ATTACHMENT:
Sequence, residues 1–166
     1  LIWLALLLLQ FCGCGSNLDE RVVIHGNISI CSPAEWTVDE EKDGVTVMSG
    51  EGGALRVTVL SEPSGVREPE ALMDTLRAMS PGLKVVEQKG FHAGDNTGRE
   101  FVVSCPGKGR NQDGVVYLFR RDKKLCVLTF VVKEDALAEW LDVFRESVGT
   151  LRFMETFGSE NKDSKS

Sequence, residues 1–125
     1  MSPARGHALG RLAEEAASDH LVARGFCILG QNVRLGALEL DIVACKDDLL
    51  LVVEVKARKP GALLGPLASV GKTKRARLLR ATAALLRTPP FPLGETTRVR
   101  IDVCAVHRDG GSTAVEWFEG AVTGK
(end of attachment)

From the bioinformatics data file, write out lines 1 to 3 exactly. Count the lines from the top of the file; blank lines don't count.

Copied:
Sequence, residues 1–166
     1  LIWLALLLLQ FCGCGSNLDE RVVIHGNISI CSPAEWTVDE EKDGVTVMSG
    51  EGGALRVTVL SEPSGVREPE ALMDTLRAMS PGLKVVEQKG FHAGDNTGRE